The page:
Stellings Hus/Stelling House: Undiscovered Icon on the Oldest Square in Copenhagen

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Stellings Hus
Photo: Per Munkgaard Thorsen, Arkitekturbilleder.dk
 

Everyone knows Copenhagen’s old square, Gammeltorv, in the city center. Some even know its dramatic history. But few have discovered that there is an Arne Jacobsen masterpiece nestled between the old buildings.

People were furious about Stellings Hus when it was completed in 1937. Reinforced concrete and modern lines were new to the old square, which dates back to the very birth of the city, when beheadings and jousting matches were part of everyday life.

Today, Stellings Hus is neither loved nor hated by Copenhageners. In fact, few even give it a second thought. This is a tribute to Arne Jacobsen’s skill at creating a building that blends in with the surrounding area, and it is one of the reasons why the building is now listed as a historical site.

If you take a step back from Stellings Hus, you can get an idea of how the lines extend from the neighboring buildings. And you will notice that the corner is rounded and that the ground floor isn’t as heavy looking as the other buildings surrounding the square. Try to get a peek through the windows on the second floor and you just might see the lamp that Arne Jacobsen designed for Stellings Hus.

If you let your eye wander all the way around the two squares, Gammeltorv and Nytorv, you will see traces of life lived through many centuries. At the time, nobody could have known that Arne Jacobsen would become such an important figure in posterity. But now it makes sense that he was the architect to add a building to this area, where Copenhagen’s 800-year-old history weighs heaviest.
 

Facts

  • Stellings Hus was built for the paint dealer A. Stelling, with a shop on the ground floor and offices in the rest of the building. Today, there is a café on the ground floor.
  • The Stelling pendant lamp features opal glass and has recently been put into production again.
  • Gammeltorv – meaning “old square” – dates back to the 1200s and was the most important square in Copenhagen for centuries.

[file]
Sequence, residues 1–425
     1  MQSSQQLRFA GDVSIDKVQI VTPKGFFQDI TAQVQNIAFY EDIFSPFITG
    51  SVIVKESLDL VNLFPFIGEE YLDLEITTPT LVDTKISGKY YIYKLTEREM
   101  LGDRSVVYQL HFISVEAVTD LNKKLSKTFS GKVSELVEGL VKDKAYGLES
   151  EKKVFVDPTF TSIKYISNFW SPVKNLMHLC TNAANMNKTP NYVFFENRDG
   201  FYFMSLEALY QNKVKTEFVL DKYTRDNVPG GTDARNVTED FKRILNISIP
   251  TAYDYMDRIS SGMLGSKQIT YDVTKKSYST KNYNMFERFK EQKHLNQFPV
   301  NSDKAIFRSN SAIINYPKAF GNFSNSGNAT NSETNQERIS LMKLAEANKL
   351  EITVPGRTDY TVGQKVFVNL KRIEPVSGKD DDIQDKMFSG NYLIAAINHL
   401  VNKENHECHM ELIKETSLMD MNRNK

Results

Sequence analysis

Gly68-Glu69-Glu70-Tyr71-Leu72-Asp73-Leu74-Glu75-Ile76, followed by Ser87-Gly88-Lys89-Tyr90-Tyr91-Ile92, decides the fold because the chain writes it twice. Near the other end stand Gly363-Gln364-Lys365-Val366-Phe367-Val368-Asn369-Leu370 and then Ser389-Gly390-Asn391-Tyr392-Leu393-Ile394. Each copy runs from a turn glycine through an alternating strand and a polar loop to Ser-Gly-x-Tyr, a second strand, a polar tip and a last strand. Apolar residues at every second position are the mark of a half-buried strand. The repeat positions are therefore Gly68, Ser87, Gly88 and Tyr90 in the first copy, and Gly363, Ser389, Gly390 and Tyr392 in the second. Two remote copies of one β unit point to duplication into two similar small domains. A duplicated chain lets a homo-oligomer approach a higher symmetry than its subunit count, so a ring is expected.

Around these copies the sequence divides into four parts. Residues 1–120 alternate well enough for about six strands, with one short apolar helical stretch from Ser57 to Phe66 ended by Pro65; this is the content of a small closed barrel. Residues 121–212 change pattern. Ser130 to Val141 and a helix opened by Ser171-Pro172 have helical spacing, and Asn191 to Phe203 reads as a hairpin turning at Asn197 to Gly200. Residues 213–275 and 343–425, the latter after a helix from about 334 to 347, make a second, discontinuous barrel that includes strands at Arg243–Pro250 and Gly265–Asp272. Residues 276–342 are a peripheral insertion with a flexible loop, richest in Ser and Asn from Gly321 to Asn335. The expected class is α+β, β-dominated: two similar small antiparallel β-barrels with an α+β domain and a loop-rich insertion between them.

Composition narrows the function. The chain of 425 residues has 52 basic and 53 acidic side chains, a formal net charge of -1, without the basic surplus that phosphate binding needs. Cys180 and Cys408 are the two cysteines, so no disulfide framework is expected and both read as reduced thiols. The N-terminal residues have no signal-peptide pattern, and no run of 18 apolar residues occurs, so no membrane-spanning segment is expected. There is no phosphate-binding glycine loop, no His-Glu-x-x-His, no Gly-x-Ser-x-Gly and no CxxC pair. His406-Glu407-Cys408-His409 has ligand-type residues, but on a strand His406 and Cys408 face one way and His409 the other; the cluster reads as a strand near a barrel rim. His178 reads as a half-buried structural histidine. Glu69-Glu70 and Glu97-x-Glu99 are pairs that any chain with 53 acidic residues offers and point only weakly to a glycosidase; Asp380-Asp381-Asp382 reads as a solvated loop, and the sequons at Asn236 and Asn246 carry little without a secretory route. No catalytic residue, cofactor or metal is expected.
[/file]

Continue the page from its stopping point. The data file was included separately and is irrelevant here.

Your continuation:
• Copenhagen City Hall was situated here until it burned down in the great fire of 1728. However, you can see the outlines of the building in the paving stones on the pedestrian street, Strøget.
  • The fountain is actually the Caritas Well and is Copenhagen’s oldest fountain. It was built by King Christian IV to make use of the good water pressure that built up as the water traveled down to the city via canal from Lake Emdrup, north of Copenhagen.
  • On national holidays, golden “apples” are still placed in the fountain to bob in the streams of water.
  • In ancient times, there was a scaffold on the square. Many historical events have culminated with public beheadings right here.
  • On the opposite side of Strøget is the more recent Nytorv – meaning “new square”. It was built in the 1600s, when King Christian IV had buildings and courtyards demolished to make room for the square.
  • The scaffold was moved to the new square and there was also room for a pillory. This was the location of public lashings of prostitutes and petty thieves. On Nytorv, the spot where the pillory stood is now elevated slightly.
  • The executioner lived on Nytorv near the dungeons.

Nearby

Behind Gammeltorv are several quaint side streets in Copenhagen’s Latin Quarter, Pisserenden – meaning literally “the piss gutter” due to the stench back in the old days. This quarter has been home to some of Copenhagen’s counter culture and alternative music culture over the years, and you will find many little bars and shops here.

If you cross Nytorv and proceed along the street that tunnels between two buildings, you will eventually reach the last of the classic old movie theaters in Copenhagen, Grand, which has shown films since 1923. There is also a café which serves simple fare.